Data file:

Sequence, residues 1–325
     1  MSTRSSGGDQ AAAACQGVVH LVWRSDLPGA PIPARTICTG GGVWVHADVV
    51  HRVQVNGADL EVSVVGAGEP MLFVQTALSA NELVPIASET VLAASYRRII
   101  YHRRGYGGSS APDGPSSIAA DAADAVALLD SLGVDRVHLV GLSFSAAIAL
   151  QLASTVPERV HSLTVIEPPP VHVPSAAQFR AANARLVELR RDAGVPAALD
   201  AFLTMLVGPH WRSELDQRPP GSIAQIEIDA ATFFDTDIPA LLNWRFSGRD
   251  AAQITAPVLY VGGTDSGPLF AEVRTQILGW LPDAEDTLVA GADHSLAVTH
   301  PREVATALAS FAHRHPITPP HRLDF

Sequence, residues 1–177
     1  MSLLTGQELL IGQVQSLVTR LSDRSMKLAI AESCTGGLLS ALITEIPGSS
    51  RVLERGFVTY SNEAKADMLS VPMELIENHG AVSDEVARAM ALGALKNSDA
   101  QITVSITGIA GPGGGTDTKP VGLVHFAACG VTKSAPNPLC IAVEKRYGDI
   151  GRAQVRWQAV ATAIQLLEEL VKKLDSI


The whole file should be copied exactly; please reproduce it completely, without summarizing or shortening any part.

Sequence, residues 1–325
     1  MSTRSSGGDQ AAAACQGVVH LVWRSDLPGA PIPARTICTG GGVWVHADVV
    51  HRVQVNGADL EVSVVGAGEP MLFVQTALSA NELVPIASET VLAASYRRII
   101  YHRRGYGGSS APDGPSSIAA DAADAVALLD SLGVDRVHLV GLSFSAAIAL
   151  QLASTVPERV HSLTVIEPPP VHVPSAAQFR AANARLVELR RDAGVPAALD
   201  AFLTMLVGPH WRSELDQRPP GSIAQIEIDA ATFFDTDIPA LLNWRFSGRD
   251  AAQITAPVLY VGGTDSGPLF AEVRTQILGW LPDAEDTLVA GADHSLAVTH
   301  PREVATALAS FAHRHPITPP HRLDF

Sequence, residues 1–177
     1  MSLLTGQELL IGQVQSLVTR LSDRSMKLAI AESCTGGLLS ALITEIPGSS
    51  RVLERGFVTY SNEAKADMLS VPMELIENHG AVSDEVARAM ALGALKNSDA
   101  QITVSITGIA GPGGGTDTKP VGLVHFAACG VTKSAPNPLC IAVEKRYGDI
   151  GRAQVRWQAV ATAIQLLEEL VKKLDSI